What happened

Shares of engineering and construction firm AECOM (NYSE:ACM) -- a key player among companies trying to commercialize Elon Musk's vaunted "hyperloop" transportation technology -- crashed 10% in early Monday trading after reporting fiscal Q4 2018 earnings this morning.

AECOM reported pro-forma profits of $0.83 per share, ahead of Wall Street's expected $0.81 profit. AECOM's sales of $5.31 billion likewise trumped expectations for $5.26 billion, but investors are selling off the stock -- still down 8.1% as of 12:50 p.m. EST -- regardless.

Cartoon characters seem confused over a falling stock chart.

AECOM's earnings weren't the problem today -- it was AECOM's guidance that caused the sell-off. Image source: Getty Images.

So what

AECOM's sales and operating profits both rose 9% year over year, and free cash flow hit an all-time quarterly record of $511 million. However, net income at the company declined 5%.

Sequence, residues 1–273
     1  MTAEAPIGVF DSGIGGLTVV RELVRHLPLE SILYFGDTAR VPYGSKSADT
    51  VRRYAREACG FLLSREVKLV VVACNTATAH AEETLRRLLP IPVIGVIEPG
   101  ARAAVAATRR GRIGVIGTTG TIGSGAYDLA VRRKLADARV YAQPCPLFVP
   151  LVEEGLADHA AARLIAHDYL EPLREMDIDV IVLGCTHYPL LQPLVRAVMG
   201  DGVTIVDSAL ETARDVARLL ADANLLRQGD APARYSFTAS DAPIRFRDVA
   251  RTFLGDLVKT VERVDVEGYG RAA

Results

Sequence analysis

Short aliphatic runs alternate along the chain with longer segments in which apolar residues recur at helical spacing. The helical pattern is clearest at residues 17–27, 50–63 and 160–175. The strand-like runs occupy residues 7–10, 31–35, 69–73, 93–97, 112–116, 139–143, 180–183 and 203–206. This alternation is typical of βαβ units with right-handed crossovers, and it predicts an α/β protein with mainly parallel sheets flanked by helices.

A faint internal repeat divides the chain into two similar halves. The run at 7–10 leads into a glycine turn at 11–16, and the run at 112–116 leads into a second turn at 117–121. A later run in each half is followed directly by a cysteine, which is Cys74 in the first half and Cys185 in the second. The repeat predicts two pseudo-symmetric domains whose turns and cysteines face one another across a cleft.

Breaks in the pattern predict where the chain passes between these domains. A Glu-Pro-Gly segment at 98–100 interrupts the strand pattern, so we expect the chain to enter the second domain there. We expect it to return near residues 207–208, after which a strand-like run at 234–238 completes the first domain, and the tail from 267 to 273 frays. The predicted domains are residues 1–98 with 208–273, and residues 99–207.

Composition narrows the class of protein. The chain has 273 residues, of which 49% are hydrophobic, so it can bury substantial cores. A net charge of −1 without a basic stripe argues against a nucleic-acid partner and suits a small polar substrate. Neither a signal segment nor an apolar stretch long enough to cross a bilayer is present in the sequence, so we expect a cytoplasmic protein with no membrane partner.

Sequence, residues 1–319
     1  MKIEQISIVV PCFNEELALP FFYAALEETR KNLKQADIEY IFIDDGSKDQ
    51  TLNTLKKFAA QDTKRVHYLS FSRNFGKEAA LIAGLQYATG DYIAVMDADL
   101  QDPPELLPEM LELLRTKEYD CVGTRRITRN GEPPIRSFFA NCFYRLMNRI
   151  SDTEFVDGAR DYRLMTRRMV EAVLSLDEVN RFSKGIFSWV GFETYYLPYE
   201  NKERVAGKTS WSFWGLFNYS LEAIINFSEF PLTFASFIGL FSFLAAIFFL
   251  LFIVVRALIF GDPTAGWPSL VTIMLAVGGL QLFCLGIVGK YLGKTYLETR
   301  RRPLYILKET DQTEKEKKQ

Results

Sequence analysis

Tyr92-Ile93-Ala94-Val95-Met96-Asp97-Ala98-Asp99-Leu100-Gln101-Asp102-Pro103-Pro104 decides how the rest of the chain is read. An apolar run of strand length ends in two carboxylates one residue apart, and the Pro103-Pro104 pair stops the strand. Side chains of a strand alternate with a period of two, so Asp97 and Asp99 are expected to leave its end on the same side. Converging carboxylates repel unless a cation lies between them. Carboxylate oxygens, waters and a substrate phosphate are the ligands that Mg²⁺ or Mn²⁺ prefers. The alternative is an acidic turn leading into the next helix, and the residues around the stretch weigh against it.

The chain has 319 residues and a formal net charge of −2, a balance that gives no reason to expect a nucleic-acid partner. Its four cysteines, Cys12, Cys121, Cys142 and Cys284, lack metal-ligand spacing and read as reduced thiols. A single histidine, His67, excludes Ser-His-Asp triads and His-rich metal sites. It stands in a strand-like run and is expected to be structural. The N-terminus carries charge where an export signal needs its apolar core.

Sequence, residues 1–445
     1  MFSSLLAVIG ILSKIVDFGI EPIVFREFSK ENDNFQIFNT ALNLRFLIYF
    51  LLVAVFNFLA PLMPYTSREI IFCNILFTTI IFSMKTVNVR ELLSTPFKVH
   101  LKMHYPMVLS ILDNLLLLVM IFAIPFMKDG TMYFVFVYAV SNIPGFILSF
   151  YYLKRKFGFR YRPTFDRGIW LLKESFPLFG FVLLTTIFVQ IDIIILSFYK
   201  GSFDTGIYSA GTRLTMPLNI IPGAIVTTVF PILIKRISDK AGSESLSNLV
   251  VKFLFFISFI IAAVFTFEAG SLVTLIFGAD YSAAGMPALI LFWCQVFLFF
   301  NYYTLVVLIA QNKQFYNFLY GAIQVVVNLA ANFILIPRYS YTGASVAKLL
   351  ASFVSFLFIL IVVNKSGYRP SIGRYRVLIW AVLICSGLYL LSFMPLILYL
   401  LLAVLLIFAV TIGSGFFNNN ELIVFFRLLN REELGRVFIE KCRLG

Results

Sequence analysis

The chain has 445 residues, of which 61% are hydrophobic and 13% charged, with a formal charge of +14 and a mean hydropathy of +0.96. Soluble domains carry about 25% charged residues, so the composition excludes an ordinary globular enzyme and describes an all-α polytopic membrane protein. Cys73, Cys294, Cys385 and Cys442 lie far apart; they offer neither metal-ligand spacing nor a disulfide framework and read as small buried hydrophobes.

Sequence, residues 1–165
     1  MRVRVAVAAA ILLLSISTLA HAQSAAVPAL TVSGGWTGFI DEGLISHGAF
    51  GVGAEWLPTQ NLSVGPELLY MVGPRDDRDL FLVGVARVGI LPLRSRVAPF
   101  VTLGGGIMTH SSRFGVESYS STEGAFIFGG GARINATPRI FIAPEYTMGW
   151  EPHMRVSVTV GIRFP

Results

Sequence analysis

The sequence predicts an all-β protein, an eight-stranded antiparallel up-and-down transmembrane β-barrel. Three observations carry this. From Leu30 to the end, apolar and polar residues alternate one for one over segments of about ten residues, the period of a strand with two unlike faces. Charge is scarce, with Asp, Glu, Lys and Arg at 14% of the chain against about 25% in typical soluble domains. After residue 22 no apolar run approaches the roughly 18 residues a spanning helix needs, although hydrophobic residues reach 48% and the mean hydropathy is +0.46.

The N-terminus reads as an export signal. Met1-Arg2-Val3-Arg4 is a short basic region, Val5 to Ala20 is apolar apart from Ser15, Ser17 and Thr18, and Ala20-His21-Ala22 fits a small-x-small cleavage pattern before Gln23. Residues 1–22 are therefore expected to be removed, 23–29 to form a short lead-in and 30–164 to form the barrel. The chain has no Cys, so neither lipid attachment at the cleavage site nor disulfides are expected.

Now what

That's not a great result, but what's taking the stock down today is more likely guidance for the coming fiscal year rather than AECOM's admission that profits declined in Q4 of last year. Issuing new guidance for fiscal 2019, AECOM told investors it expects to book between $2.60 and $2.90 per share in pro-forma profit -- numbers far below the $3.01 per share profit that Wall Street was looking for.

Regardless, I can't say as I find AECOM's guidance quite as disturbing as other investors (apparently) do. Management noted that it expects to improve on last year's already-fine free cash flow performance and generate between $600 million and $800 million in cash profit in 2019 (a promise supported by the fact that AECOM says its backlog of work to be done grew healthily in Q4, ending the year up 14% and thus growing even faster than sales).

Taken at the midpoint, AECOM's free cash flow guidance implies a valuation of less than 7 times FCF on AECOM's stock -- and an enterprise value of barely 11 times FCF. For a company growing sales at 9% and growing backlog even faster, I think these are fine valuations -- and AECOM's sell-off won't be long lasting.

Rich Smith has no position in any of the stocks mentioned. The Motley Fool has no position in any of the stocks mentioned. The Motley Fool has a disclosure policy.